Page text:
Spokane’s cultural atmosphere has undergone a Renaissance. Where twenty years ago there were empty historical buildings in the midst of urban decay, thriving and profitable businesses sit today.
The area of town that has seen this tremendous revitalization is known as the Davenport District, between Stevens and Madison streets. Three Spokane businesses that loom large in Spokane’s history are cornerstones of the District: the Steam Plant Grill, The Davenport Hotel, and the Fox Theatre.
Before becoming a place for food and business, the Steam Plant produced steam heat and electrical power for downtown Spokane.
"The Steam Plant was built 90 years ago, in 1915," said Grant Bursell, a worker at the grill.
Throughout its time, the Steam Plant burned wood chips, coal, and natural gas, to produce heat.
The Steam Plant has underground tunnels, and in the 1970s there was an oil spill underneath, and Wells & Co and Washington Water Power provided the cleanup, Bursell said.
The Plant was closed in 1986, and only later was it decided that the historic building should be preserved.
The Plant was to have a new lease on life.
"Ron Wendell, an architect, had an idea for the Steam Plant. He wanted to make it functional," Bursell said.
In December 1999, the 80,000 square feet Steam Plant was open, and featured food, and space available for lease.
The Davenport Hotel has its own claim to fame. Opened in September 1914 by Louis Davenport, it boasted amenities ahead of its time.
"The Davenport was the first hotel with air-conditioning, a central vacuum system, housekeeping, accordion ballroom doors and Crab Louis," said Tom McArthur, Communications Director.
"Throughout its time in Spokane, the Davenport has been home to royalty, kings of industry, captains of commerce, stars of stage and screen and just about every American president of the 20th century," says the hotel’s website.
Other greats to stay in the hotel include Charles Lindbergh, Amelia Earhart, and Clark Gable, to name just a few.
Zane Grey and Dashiell Hammet included scenes in their novels set at this most famous hotel in the West.
After many years of success, the Davenport closed its doors in 1985 for what seemed like the last time. "Spokane was in a funk," McArthur said.
"There was talk of blowing the hotel up, but because of the asbestos, it was too dangerous to blow up and too expensive to tear down," McArthur said.
But something else was in store for the Davenport.
In 2000, Walt and Karen Worthy bought the property for $6.5 million. Two and a half years and 38 million dollars later, the Davenport reopened, 88 years after its first guest had slept there.
"The ceremony was held in the largest ballroom, and fanfare was played," McArthur said.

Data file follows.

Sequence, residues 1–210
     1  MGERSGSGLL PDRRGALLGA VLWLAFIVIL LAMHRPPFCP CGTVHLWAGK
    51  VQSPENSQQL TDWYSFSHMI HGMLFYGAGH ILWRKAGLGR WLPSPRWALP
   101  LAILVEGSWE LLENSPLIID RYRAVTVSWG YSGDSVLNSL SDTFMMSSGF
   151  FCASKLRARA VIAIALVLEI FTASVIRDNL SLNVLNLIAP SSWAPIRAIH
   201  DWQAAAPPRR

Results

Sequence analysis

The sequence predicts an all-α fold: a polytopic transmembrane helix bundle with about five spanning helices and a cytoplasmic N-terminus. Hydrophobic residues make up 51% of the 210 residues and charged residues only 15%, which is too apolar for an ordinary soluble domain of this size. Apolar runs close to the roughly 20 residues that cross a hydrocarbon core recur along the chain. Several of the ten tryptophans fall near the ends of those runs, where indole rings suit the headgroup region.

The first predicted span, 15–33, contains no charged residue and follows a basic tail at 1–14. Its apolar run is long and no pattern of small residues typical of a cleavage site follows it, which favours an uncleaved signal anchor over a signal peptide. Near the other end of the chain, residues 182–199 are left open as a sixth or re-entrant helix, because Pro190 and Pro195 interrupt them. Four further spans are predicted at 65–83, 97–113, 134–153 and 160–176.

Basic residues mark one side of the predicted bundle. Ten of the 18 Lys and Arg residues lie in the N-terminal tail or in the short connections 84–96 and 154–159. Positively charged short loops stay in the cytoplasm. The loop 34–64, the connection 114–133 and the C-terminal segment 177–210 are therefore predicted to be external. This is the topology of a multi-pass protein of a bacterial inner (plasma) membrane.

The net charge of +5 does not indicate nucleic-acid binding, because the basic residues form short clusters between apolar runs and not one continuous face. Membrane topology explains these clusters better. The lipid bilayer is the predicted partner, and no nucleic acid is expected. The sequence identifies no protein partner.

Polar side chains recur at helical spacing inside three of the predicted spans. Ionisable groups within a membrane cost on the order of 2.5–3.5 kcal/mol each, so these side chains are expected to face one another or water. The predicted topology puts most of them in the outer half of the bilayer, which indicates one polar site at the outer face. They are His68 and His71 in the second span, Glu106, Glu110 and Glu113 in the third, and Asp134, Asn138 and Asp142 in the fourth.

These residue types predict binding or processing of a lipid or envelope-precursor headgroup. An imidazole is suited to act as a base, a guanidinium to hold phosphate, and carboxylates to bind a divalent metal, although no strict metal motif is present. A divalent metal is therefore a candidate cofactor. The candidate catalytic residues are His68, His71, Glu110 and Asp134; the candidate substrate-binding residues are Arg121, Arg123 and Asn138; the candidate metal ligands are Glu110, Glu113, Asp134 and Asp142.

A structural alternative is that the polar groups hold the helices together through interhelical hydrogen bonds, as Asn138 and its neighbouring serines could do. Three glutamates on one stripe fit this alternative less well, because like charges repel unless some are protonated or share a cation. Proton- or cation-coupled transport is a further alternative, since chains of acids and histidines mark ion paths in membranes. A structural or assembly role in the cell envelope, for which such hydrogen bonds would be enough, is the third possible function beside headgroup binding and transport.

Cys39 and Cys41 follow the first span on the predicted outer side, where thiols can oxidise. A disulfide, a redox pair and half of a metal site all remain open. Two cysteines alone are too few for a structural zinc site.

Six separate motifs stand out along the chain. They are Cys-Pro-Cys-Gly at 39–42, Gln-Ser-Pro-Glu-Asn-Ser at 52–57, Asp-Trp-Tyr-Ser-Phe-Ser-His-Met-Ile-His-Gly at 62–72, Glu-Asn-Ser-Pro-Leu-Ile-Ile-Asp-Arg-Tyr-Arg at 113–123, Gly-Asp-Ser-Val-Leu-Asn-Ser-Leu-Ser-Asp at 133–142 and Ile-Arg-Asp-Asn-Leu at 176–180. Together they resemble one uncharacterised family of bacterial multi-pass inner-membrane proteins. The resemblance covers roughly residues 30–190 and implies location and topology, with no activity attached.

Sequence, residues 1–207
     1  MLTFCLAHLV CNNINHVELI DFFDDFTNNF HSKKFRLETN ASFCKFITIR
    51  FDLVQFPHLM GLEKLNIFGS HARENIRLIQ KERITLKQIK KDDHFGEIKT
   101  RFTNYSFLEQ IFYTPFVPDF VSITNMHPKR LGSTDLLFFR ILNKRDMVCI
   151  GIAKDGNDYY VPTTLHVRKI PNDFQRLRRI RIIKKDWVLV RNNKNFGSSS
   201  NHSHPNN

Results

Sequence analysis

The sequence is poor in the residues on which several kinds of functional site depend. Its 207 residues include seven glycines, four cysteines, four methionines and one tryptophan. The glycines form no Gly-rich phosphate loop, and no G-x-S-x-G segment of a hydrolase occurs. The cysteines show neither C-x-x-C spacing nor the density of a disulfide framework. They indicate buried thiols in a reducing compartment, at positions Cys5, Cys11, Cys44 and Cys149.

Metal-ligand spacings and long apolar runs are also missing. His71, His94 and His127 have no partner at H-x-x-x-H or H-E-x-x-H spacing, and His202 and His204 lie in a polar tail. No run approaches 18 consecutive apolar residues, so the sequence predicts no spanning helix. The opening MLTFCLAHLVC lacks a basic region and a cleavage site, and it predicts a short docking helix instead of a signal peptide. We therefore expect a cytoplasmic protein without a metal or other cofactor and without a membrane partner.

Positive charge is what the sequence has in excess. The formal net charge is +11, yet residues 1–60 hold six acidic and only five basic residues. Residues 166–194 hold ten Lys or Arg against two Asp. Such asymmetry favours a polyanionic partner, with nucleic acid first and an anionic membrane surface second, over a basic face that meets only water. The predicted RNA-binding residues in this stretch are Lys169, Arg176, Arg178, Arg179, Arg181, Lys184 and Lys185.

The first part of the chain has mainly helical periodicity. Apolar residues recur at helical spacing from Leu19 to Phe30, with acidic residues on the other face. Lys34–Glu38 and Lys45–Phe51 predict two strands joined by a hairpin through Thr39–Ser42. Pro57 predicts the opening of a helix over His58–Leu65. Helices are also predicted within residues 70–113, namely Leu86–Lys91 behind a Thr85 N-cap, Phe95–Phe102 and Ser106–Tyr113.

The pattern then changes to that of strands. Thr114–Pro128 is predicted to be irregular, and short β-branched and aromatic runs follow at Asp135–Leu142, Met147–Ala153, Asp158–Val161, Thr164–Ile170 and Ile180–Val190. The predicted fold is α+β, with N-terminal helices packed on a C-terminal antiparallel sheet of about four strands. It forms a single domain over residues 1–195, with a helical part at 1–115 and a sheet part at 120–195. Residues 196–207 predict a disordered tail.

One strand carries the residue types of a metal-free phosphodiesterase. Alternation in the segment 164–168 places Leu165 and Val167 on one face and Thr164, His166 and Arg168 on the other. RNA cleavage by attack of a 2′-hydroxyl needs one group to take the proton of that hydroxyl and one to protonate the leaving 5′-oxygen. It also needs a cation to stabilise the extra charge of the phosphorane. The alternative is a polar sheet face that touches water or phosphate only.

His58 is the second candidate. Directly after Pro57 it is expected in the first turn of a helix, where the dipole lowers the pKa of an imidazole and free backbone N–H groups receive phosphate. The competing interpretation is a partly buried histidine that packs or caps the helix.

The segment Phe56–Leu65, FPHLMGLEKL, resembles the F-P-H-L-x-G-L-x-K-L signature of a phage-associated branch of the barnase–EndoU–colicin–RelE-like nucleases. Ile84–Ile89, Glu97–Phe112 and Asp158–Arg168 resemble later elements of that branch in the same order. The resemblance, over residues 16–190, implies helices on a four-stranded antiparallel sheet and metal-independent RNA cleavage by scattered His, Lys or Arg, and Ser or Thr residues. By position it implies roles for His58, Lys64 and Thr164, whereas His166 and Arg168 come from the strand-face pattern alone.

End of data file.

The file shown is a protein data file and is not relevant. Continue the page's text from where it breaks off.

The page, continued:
The Steam Plant Grill and the Davenport Hotel have already been restored.
The Fox Theatre, on the other hand, is only beginning stages its metamorphosis.
The Fox Theatre captivated audiences throughout its history as one of Spokane’s greatest theaters. For years the theatre featured films, music, and performances from Spokane’s symphony.
The theatre was built during the height of the Big Depression, a time when people had little to celebrate, and even less to spend on amenities. Despite this, the need for an arts and entertainment complex was strong.
Robert C. Reamer, an architect who had designed other notable buildings, such as the 5th Avenue Theatre in Seattle, the Mount Baker, and in Yellowstone, Old Faithful Inn, took on the task of building the Fox Theatre.
The interior was designed by the famous Hollywood designer Anthony Heinsbergen, and is one of the only remaining examples north of San Francisco of a large Art Deco theater.
After construction was completed, the theatre made its grand debut on September 31, 1931, to an audience of 2,300, with a crowd of almost 20,000 outside on the streets.
Betsy Godlewski is the development director for the Fox Theatre, which is now owned by the Spokane Symphony, who in turn bought it from Regal Cinemas.
Godlewski says movies were different back then.
"The movies in those days featured live singing, the movie, an intermission where someone played on an organ, a game show or contest, with chances to win movie tickets or popcorn, followed by the conclusion of the movie. The whole thing could last for 3 hours or more. All of that for 25 cents."
But in the year 2000, after nearly 69 years of performances, the theatre gave its swan song, with a showing of the movie Gladiator.
But the story of the Fox is not over. It is beginning a new chapter, one all about renovation. The project will cost nearly $28 million dollars, and will take 15-18 months to complete.
"Once we start, we can be up and going pretty soon," Godlewski said.
There are ambitious plans for the theatre when the restoration is completed. Not only will it be the headquarters for the Spokane Symphony, the Youth Symphony, ballet, touring groups, and a myriad of other regionally based fine arts programs, but it will also feature room for 1700 people, which places it above the Met’s seating, and below the Spokane Opera House’s seating.
While there are already several places for concerts, and plays, such as the Big Easy and the Opera House, the Fox Theatre may emerge as a powerhouse in its own right again.
With its intrinsic historical value, and the seating that it will provide, the Fox Theatre will be "great for (singing groups) that like smaller audiences," said Godlewski, as well as an ideal place for, "literature festivals, conventions, small Broadway plays, and a perfect spot for a lecture."
Taken together, three old buildings – the Steam Plant, the Davenport, and the Fox – will do much to fashion Spokane’s future.